Chip maker is also relying on its partnerships to help ignite demand for Itanium 2 in 64-bit servers.
Intel Corp. is gearing up its marketing machine for the launch of Itanium 2 this summer, hoping to ignite demand for the chip among buyers of 64-bit servers, the most lucrative computer market segment, where prices often exceed $1 million a server.
While Itanium has suffered from sluggish sales since introduced last year, Intel remains optimistic that the chip will become a major source of revenue for the company in a few years, offsetting decreasing profit margins and slower sales growth of its PC processors.
In many ways, Itanium 2 is a vastly superior product compared with its predecessor. While the second generation of the chip comes with only a slightly faster clock speed, 1GHz vs. 800MHz for the current model, it features several design enhancements that enable it to perform twice as fast as the original.
But in order to challenge entrenched competitors, Intel will rely on more than just pure performance power.
In a daylong briefing with industry reporters Friday at the companys headquarters in Santa Clara, Calif., Intel marketing executives outlined its strategy to promote the adoption of Itanium. In general, the chip maker will seek to leverage the collaborative strength of its partnerships with leading hardware and software vendors.
Intel will count on the joint promotional efforts to spread its Itanium message to enterprise customers, tapping the resources and business connections of such key industry players as Hewlett-Packard Co., which co-developed the chip; IBM; Dell Computer Corp.; and Microsoft Corp.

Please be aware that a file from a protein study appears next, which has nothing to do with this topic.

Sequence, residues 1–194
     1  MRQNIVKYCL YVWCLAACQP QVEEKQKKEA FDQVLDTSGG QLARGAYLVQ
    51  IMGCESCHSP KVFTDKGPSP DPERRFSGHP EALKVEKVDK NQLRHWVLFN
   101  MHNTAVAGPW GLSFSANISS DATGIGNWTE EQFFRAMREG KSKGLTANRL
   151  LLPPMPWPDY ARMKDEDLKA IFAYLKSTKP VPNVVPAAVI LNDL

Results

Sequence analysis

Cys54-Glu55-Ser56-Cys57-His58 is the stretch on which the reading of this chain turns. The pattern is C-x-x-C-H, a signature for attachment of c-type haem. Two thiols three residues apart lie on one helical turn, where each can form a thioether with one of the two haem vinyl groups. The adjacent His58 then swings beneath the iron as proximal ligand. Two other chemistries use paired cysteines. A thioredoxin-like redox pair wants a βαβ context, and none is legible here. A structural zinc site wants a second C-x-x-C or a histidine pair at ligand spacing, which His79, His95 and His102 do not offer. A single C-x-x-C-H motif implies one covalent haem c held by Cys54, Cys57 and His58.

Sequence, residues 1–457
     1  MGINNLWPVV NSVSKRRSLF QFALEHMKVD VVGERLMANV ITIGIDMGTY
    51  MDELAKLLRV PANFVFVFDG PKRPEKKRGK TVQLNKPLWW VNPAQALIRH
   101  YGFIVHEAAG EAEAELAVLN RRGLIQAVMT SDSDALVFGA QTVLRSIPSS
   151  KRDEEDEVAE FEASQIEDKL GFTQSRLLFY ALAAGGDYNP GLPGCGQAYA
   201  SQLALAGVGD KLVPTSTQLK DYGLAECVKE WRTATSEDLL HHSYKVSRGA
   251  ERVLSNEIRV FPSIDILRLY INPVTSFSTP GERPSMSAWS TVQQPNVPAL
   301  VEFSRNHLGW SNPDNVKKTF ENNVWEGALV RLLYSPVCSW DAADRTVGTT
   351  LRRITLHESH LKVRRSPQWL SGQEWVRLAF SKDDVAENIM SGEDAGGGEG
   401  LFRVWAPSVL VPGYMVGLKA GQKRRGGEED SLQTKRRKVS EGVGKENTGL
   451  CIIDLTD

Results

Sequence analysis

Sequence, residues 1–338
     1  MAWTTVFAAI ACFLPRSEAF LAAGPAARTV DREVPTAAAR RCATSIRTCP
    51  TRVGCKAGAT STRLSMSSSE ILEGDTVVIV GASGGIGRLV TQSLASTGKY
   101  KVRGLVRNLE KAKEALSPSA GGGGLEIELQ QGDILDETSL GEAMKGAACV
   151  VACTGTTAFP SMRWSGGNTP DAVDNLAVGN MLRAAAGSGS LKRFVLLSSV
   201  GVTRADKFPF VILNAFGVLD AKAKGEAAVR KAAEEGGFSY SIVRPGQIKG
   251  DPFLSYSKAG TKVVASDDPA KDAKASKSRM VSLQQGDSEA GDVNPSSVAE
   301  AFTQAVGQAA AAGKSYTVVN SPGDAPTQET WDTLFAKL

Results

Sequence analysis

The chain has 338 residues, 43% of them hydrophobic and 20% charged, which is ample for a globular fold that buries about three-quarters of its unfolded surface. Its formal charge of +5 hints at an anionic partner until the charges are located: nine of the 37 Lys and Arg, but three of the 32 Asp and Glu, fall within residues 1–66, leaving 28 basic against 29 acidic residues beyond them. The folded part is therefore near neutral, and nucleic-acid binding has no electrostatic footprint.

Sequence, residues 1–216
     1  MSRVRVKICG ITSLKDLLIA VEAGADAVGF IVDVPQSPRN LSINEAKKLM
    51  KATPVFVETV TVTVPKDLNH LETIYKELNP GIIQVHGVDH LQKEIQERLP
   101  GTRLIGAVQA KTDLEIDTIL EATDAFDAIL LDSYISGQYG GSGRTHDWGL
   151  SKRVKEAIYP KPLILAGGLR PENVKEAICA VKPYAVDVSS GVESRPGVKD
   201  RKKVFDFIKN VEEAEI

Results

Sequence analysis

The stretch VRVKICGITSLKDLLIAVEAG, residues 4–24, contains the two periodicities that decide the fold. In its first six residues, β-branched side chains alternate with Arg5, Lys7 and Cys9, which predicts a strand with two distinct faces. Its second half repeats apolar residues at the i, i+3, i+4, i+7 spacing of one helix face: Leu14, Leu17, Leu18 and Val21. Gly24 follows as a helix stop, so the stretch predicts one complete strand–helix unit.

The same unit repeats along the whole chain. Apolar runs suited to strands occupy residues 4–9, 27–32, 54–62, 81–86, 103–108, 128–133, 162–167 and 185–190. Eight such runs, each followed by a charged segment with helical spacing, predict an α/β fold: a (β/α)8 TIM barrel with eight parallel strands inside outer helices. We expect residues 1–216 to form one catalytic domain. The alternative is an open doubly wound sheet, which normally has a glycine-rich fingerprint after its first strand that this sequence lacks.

The chip maker will also seek to build upon its existing relationships with enterprise customers, many of whom currently rely on 32-bit servers featuring Intel chips. In fact, 88 percent of servers sold during the first quarter of this year featured Intels Pentium or Xeon processors, according to market researcher International Data Corp.
However, while Intel dominates in low-end servers, its virtually non-existent in the high-end server market, which accounted for 60 percent of server revenue during the first three months of this year, according to IDC. Even amid last years harsh economic climate, companies spent nearly $50 billion buying servers.
Displaying a chart showing the breakdown in server sales and revenue, an Intel executive admitted the companys desire to tap into the money spent on high-end systems.
"While weve got 88 percent unit share, theres a lot of money to be made in that last piece of the pie," said Lisa Hambrick, director of enterprise processor marketing for Intel.
To take a bite out of that last slice of the market, Intel executives said the company has worked in recent years to align itself with a variety of hardware makers, application developers, system integrators and service providers. Obtaining their support for Itanium gives the new chip a solid business ecosystem that could ease customers concerns about adopting the unproven product.
To underscore its broad backing, Intel said that at the launch of Itanium 2, more than 40 computer makers will announce systems based on the chip, with more than 10 offering complex, high-end servers featuring eight or more chips.
Intel contends that the biggest selling point for Itanium will be the performance advantages of its new architecture, called Explicitly Parallel Instruction Computing (EPIC), thatll enable the chip to outperform RISC-based processors, such as Sun Microsystems Inc.s UltraSparc III.